Paying yourself (sacrifice) and being disciplined to do so every month is the single greatest thing you can do to not be poor. It is the exact opposite of it actually. You are choosing to build for the future rather than spend it all now or worse yet leverage money down the road for instant gratification now.

My friends we live in a country that has done more to raise people out of poverty than any other country. We have opportunities like no other country in the world. With effort, sacrifice and discipline you choose to not be poor.

Unfortunately most have little to no discipline, they don’t want to be held accountable and they are not willing to sacrifice today for a better life tomorrow. We as a country and society simply want it now and the only thing we sacrifice is our futures.

If you don’t want to live paycheck to paycheck all you have to do is start now. keep that phone an extra year, drive that car a little longer, don’t eat out every week, tell your kids no to their 5th pair of shoes, say no to video games and unneeded devices, don’t go to the movies just wait for them online, cut out extra TV channels, quit smoking, stop drinking, get rid of soda, no more candy, ice cream and cold cereal and for sure don’t buy anything on credit that you don’t absolutely have to.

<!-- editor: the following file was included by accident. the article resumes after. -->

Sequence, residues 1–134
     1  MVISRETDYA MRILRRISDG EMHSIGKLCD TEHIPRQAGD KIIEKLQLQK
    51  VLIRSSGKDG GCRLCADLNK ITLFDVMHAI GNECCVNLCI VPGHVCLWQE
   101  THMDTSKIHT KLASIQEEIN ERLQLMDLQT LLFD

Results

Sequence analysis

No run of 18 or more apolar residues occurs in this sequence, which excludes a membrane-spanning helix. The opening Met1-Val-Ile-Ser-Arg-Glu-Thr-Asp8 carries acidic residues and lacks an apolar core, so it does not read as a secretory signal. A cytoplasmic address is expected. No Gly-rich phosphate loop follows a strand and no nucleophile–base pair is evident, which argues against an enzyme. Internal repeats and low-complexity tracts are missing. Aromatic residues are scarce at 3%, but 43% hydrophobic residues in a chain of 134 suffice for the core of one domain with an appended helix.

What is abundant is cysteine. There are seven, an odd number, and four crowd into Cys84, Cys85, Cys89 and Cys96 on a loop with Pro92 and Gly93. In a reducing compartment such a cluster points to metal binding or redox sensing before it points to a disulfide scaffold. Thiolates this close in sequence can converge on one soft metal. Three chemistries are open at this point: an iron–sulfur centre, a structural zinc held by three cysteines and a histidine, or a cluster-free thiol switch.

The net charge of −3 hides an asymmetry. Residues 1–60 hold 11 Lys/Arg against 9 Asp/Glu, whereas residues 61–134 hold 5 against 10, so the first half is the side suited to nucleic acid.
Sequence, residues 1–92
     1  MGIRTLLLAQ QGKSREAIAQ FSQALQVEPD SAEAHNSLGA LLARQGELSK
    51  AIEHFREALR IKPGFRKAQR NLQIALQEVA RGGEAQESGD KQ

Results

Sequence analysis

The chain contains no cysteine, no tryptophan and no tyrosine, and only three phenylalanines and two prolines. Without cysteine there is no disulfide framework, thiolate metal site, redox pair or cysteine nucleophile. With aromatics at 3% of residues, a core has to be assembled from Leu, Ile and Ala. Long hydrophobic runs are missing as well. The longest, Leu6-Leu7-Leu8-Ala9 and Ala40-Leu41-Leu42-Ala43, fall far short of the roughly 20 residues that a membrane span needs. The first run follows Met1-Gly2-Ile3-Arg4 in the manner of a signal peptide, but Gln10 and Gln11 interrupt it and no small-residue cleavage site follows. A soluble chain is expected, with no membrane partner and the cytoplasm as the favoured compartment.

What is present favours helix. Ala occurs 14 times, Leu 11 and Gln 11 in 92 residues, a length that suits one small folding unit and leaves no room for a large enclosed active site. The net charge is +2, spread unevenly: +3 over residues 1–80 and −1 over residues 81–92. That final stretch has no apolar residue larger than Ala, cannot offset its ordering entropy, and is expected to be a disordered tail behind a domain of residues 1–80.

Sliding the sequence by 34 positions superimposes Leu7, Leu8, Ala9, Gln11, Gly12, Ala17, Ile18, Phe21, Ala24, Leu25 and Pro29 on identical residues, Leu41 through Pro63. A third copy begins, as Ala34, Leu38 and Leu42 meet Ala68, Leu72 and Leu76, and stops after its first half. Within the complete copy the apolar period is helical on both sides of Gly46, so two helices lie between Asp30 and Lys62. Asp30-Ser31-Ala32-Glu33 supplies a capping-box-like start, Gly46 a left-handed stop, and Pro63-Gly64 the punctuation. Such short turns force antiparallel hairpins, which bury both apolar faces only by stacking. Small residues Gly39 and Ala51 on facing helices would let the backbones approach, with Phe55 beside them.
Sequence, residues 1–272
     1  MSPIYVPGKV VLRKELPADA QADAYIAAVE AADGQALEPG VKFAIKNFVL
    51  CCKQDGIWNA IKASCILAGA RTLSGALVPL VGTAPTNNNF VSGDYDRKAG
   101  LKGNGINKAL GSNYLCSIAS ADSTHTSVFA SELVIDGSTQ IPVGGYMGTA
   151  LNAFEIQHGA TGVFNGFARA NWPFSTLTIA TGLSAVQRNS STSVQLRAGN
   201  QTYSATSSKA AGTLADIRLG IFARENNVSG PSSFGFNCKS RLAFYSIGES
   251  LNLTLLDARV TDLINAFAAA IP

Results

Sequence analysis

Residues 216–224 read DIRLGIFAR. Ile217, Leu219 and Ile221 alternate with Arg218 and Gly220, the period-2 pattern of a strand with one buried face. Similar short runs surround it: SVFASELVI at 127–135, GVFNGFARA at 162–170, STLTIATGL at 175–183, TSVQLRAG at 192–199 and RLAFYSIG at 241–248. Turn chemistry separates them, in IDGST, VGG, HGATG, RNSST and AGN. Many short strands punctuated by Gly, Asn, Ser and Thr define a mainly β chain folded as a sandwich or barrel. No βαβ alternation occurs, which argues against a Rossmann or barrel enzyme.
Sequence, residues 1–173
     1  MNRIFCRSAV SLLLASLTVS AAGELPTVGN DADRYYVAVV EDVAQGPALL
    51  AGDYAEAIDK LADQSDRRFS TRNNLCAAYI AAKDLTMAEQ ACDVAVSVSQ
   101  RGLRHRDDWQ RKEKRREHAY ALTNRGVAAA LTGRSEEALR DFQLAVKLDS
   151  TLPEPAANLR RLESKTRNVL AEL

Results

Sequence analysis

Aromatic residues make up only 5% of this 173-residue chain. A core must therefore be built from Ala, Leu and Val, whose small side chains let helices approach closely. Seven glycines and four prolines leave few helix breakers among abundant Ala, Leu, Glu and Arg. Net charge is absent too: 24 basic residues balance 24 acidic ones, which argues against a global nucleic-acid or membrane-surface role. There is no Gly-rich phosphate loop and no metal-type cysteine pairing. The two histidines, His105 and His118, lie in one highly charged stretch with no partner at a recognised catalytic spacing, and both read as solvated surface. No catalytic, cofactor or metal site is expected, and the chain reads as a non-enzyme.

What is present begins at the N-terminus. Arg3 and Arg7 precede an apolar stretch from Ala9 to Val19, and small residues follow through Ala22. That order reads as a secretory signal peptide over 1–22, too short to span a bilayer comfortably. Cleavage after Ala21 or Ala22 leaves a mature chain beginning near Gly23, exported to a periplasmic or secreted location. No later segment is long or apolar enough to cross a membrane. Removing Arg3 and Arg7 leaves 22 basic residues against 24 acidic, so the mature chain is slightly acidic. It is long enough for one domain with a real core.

These are all things that any of us can do. We can simply choose to sacrifice them and only pay cash for things we want/need and we can choose to be disciplined and stay the course. We can choose to pay ourselves and not need everything now. If we do these things we won’t be poor. We won’t live paycheck to paycheck and we won’t go into debt thus spending next months or worse yet next years paycheck today.

It really is a choice. We choose to be poor by choosing to use credit and caving to our vices that are not necessary, thus we choose to live paycheck to paycheck. So our poor choices make us poor. Isn’t that ironic?